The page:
The marine industry of New Zealand knows a rising tide lifts all boats. They practice what they preach.

I believe the reason that tiny New Zealand has been the only country to successfully defend the America’s Cup is due to three things: attitude, hard work and experience. New Zealanders are brimming with a positive, ‘can-do’ attitude. They are willing to work harder and smarter and happier than most. And they know they must earn their stripes. They don’t demand anything be given: only the opportunity to prove themselves through merit.

Yes, the Kiwis are fierce competitors in soccer, rugby, cricket and sailing but they are also fierce ‘cooperators’ as well. Example: their dynamic Marine Industry Association gives numerous ‘bahn-heer’ cruising Pacific sailors promotional materials and then follows up to determine if their welcome message is getting out to the international cruising sailors approaching the area on the traditional coconut milk run.

We met a Kiwi sailor in Moorea and had a wonderful time swapping cruising stories and sailing yarns. Of course, we asked about his country— and he sang its praises. It wasn’t until the following day when he dropped off a large sophisticated ‘welcome yachtie!’ information packet that we discovered he was not only ‘one of us’ but also a member of the Kiwi marine industry as well.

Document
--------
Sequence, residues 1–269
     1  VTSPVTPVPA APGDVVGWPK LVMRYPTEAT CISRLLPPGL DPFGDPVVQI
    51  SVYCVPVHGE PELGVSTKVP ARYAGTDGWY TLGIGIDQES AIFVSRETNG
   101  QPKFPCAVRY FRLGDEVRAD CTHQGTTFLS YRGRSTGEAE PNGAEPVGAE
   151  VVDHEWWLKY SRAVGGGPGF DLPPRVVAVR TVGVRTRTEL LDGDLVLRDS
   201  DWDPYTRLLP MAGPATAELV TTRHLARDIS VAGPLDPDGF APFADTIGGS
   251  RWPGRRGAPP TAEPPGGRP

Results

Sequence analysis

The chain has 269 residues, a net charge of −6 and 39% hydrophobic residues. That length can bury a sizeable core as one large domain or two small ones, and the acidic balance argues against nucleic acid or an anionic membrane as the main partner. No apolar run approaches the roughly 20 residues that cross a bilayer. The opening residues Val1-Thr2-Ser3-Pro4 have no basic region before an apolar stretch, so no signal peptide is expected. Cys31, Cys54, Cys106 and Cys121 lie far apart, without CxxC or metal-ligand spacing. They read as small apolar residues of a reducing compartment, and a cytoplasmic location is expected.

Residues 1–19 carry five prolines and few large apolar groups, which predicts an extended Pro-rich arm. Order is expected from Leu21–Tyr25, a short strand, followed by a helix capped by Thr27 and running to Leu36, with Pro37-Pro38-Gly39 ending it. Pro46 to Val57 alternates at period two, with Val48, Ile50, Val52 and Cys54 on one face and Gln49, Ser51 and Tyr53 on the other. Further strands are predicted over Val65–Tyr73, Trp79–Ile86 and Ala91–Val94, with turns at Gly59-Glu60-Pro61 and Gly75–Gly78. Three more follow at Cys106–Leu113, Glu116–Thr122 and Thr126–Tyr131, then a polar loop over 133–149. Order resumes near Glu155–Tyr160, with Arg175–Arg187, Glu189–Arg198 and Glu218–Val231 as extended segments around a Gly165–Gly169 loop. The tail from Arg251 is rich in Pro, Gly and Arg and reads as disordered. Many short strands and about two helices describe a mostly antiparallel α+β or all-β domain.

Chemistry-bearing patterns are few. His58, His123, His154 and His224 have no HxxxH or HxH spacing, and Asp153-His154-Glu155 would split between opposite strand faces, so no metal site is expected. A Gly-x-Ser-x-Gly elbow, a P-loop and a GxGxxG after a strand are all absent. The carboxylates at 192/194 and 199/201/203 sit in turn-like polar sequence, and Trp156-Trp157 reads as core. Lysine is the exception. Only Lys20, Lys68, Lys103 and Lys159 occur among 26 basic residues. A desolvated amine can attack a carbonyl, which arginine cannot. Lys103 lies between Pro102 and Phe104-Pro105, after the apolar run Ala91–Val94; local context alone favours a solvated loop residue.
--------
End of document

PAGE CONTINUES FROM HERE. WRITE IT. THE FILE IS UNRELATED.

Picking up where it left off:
Kiwis believe in the personal one-on-one approach— that you don’t ‘mass market’ a market to the masses… but to individuals, one sailor at a time.

Some passing yachties are hesitant to visit New Zealand because of its strict quarantine laws. The logic of these laws (as pertaining to visiting foreign yachts) is pointed out, and how to simply-yet-fully comply is laid-out step-by-simple-step. The customs and immigration officials are as nice as can be. Yes, they are strict and go-by-the-book… but they are also reasonable and responsible— and know their professional aim is two-fold: to welcome you and protect everyone’s mutual environment!

Every vessel when it clears into New Zealand receives a special ‘gift packet’ upon clearing. Every year there is a ‘special major gift’ of real value and good quality which, hopefully the cruising yachtsman will treasure enough to show off around the world. (Often a bag or ‘ship’s papers’ case which will be carried off the boat for maximum international exposure).